The Saga of the Bloody Benders: A Treasury of Victorian Murder
Nantier Beall Minoustchine, 2007 (2007)
Reviewed by Lance Victor Eaton
orth American readers love a good serial killer story. As horrified as we are by the deaths, it still does not stop us from devouring the details of some newly discovered mass murderer. So it is surprising that few know of the Benders, a family of killers who settled for a brief stint in Kansas in 1870. In his ongoing and intriguing grahic novel series,
A Treasury of Victorian Murder
, Rick Geary traces the known events surrounding the Benders in the late nineteenth century.
eary does not just leap into the story and tell readers all about the Benders. Instead, like any good painter, he lays out the background. He starts with a map of Kansas and its counties according to maps from the time and follows that up with a map of Labette County, the place where the Benders settled. Geary then provides a brief history of Kansas and the influential events that led people to settle the area, including the killers.
' Bender and John '
' Bender are the first of the family to arrive, to scope out the scene and begin work on a home. Once Ma Bender and Junior's sister Kate show up, they get to work turning their home into a grocery store and eventually an inn. It is at this point that bodies start disappearing and one even shows up dead. People grow fearful and the Benders - already estranged from their community - seem to know that their time is near. However before the locals can figure things out, they have already made their escape. Once the house is examined, corpses are discovered.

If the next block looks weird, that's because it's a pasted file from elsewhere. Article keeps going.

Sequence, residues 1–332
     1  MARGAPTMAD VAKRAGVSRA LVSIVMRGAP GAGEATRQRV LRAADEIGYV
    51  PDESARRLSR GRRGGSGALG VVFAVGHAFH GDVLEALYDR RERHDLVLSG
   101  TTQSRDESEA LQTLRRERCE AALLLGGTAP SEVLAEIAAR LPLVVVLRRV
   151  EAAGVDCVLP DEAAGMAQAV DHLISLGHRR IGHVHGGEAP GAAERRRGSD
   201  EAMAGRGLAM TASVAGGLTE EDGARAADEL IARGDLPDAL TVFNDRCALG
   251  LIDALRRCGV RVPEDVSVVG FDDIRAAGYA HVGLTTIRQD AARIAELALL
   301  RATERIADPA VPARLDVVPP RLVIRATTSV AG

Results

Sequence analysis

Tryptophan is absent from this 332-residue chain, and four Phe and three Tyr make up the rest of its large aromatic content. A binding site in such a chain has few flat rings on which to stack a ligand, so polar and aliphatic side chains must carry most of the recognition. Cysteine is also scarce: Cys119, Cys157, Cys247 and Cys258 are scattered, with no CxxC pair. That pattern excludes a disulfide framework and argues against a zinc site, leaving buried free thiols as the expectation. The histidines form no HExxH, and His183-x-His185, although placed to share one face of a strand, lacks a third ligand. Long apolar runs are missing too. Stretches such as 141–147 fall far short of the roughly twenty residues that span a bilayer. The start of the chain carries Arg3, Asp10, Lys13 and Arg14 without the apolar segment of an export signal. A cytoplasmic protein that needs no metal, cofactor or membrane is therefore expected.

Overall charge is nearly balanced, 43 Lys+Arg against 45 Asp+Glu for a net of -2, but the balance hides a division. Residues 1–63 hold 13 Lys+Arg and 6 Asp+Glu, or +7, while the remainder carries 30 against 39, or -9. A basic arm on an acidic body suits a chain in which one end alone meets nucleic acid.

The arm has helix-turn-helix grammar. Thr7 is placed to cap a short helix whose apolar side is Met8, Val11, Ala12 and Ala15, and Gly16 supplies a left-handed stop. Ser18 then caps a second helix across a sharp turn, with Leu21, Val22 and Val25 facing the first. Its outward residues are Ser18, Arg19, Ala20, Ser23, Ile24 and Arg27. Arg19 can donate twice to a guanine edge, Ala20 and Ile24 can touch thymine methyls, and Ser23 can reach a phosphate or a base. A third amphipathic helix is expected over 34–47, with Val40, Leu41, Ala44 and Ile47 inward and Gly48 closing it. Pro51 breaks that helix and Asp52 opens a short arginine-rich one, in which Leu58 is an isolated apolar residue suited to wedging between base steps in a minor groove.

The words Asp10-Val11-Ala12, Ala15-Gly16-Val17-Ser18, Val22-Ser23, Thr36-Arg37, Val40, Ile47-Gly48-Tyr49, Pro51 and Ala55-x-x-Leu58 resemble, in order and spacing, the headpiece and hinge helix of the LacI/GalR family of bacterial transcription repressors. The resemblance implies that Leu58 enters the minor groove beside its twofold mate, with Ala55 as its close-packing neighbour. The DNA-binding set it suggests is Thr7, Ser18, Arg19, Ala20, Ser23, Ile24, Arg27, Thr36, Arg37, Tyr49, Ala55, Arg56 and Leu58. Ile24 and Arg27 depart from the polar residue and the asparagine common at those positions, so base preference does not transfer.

hough addressing a particularly morbid topic, Geary does not exploit the grotesque nature of his story. The actual violence is always implied in his art but never blatantly revealed. This, and running exposition boxes throughout, give the graphic novel the feel of a crime show on television. The black and white lined art adds to this almost neutral attitude toward the tale. The simple presentation of people, actions, and scenes throughout the book speaks to the matter-of-fact tone Geary has carried throughout this series. Just as in his previous editions, Geary's facts are revealed in his bibliography, which he presents at the beginning of the book, encouraging readers to believe in the truthfulness of his account.
eaders interested in a bit of morbid history would do well to open up this graphic novel. Geary's talent to lay out the information for his audience reveals itself and readers will find his account rather enjoyable, despite the dark nature of his subject.
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